TomW's picture

[quote="cwcollin"]...and I think that the lesson is very applicable to the business environment. How often do we talk about folks getting caught up in "analysis paralysis" when trying to make decisions. [/quote]

I think that varies with a person's DISC profile. Probably as many people get caught in analysis paralysis as leap without looking and end up making major mistakes.

Neither extreme is effective. I would not base a $1 million decision on a snap judgment any more than I would spend an hour at the deli deciding what kind of sandwich I wanted.

[quote]I think the driving idea behind [i]Blink[/i] enforces what lies at the base of a lot of the MT teachings. That is that action is often the best remedy for complex problems whose variables will change by the time you sift through them all.[/quote]

I disagree. I see the base of the MT teachings as [b][i]effective[/i][/b] action, not just action.

cwcollin's picture

.....or are you just saying you think my statements are too general?

Given that someone is a professional and a perceived expert at what they do, would their day to day first instincts really be "snap" judgements?

I agree with you that MT preaches [i]effective[/i] action but I don't agree that always rules out an experts initial reaction to a problem.

TomW's picture

Before I start, I have to say that I enjoy a good book debate once in a while :-)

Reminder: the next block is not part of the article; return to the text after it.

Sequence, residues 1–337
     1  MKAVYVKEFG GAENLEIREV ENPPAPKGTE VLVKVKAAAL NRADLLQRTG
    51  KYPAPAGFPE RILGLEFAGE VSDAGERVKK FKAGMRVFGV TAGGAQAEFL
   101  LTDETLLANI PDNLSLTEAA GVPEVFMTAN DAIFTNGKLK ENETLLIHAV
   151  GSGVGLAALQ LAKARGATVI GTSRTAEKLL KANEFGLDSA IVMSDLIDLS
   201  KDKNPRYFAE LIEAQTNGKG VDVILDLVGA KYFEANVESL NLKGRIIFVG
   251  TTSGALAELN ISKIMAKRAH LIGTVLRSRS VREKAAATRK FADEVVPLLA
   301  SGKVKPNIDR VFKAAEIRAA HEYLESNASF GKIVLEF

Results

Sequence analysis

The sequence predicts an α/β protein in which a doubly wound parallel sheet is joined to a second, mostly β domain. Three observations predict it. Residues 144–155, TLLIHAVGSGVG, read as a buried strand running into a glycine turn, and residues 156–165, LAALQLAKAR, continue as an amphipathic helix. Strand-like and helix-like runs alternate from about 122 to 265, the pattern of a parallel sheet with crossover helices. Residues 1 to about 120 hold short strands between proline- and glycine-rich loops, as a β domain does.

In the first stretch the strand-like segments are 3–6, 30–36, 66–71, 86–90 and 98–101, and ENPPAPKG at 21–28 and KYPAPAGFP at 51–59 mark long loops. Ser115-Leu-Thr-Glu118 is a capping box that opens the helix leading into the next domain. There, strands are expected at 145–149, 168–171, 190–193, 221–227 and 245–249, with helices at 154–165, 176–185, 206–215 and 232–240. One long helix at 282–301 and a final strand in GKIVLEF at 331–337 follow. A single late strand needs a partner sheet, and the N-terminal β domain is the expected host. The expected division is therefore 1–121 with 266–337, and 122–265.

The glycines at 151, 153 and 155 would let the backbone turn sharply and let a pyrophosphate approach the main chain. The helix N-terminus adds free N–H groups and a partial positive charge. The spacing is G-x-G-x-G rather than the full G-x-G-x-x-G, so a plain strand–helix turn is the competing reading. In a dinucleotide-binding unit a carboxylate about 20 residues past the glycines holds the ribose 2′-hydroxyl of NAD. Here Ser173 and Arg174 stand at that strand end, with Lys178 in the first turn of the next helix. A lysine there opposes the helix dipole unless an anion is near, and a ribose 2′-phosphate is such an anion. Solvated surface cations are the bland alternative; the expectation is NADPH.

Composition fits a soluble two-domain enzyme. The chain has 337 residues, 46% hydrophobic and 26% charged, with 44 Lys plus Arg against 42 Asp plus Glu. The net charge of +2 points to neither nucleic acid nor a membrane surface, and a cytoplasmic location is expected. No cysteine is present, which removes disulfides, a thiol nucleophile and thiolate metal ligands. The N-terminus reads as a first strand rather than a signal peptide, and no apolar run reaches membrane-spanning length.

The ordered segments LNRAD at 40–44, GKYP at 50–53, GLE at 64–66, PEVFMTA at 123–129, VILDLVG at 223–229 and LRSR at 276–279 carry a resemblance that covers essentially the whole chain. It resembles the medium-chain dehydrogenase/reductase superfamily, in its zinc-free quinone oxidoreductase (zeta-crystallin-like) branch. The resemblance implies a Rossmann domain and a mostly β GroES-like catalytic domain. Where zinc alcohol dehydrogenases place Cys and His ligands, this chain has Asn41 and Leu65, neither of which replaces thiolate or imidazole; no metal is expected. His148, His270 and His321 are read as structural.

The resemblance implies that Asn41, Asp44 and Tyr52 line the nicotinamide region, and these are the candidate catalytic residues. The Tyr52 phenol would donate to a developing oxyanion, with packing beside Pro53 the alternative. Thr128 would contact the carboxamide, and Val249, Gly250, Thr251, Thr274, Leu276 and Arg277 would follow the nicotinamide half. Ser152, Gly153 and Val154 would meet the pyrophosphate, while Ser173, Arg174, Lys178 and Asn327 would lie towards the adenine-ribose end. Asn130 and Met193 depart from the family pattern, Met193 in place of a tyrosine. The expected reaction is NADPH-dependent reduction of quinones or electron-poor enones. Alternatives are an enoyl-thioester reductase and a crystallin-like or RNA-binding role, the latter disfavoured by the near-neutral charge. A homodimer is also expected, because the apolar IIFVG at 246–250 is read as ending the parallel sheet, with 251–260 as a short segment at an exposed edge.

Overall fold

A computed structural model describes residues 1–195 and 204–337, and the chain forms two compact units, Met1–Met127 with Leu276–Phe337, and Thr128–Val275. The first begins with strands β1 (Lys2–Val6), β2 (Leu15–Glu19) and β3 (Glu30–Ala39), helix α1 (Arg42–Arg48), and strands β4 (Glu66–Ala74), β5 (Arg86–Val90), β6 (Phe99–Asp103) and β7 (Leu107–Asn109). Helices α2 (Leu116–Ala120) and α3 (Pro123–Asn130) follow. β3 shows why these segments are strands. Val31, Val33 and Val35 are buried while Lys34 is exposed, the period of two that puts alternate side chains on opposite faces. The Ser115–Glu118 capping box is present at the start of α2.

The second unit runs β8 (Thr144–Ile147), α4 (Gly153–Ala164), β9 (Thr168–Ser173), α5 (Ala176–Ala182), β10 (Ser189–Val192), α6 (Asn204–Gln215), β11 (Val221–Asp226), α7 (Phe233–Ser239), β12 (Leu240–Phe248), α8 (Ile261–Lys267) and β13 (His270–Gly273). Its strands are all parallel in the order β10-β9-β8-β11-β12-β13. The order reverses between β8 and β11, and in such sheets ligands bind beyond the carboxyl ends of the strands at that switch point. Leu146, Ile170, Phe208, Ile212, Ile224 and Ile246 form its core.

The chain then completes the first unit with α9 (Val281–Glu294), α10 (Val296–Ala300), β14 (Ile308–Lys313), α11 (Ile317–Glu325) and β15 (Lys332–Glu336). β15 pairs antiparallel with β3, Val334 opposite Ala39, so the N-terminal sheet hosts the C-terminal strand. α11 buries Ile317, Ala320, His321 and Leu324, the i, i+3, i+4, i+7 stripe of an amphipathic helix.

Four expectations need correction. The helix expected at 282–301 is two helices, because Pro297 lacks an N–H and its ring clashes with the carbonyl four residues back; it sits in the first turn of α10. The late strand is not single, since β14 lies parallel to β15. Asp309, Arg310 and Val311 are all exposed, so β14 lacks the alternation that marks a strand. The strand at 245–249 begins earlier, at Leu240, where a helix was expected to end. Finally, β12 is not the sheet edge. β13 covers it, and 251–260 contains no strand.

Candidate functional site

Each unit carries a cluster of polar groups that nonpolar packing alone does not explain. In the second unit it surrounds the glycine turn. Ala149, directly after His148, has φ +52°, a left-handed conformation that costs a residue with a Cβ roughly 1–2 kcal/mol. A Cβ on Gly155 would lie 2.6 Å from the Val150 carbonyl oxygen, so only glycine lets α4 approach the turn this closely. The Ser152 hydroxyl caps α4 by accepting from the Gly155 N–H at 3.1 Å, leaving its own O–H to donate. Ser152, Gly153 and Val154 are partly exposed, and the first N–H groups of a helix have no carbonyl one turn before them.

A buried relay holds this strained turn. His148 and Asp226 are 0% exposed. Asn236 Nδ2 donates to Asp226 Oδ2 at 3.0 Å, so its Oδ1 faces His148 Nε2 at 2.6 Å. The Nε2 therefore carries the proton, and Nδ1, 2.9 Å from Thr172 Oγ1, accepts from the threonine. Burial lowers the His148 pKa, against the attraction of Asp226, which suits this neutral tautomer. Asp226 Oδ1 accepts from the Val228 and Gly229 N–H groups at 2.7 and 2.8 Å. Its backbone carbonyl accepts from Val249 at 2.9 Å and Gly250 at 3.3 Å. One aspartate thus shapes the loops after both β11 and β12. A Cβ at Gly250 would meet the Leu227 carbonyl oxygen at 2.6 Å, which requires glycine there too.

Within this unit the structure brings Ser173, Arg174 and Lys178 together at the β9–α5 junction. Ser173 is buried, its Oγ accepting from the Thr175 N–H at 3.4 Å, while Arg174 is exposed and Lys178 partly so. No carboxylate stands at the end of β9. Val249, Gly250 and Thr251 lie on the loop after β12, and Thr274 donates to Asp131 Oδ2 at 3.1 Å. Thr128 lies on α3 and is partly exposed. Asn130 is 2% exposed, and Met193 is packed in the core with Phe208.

[quote="cwcollin"].....or are you just saying you think my statements are too general?[/quote]
OK, that might be :-) I think people do have "instincts" (that I really prefer over "blink") that can help them out from time to time and that they should not gain false security just because of an instinct. They could be wrong if the person in question does not have enough experience or has experiences that work against them.
[quote]Given that someone is a professional and a perceived expert at what they do, would their day to day first instincts really be "snap" judgements? [/quote]
I had to think about this one a little. I don't believe that experts necessarily can make important decisions faster just because of their expertise. I think it's a possibility and that it depends on the situation.

If a person is in sales and trying to close a deal, they absolutely must make fast decisions while in the sales meeting. They don't have a luxury of time and have to rely on the instincts they have gained from their experience.

If a person is a systems analyst, their gut instinct that a system may or may not be effective in the long run is less relevant. Whether they are right or wrong, they still need to work up the numbers (and probably many many pages of data and reports) to prove it one way or the other.
[quote]I agree with you that MT preaches [i]effective[/i] action but I don't agree that always rules out an experts initial reaction to a problem.[/quote]
I guess my point is that there are times where the gut instinct can work and we have to be careful to make sure we're using it in the appropriate situations.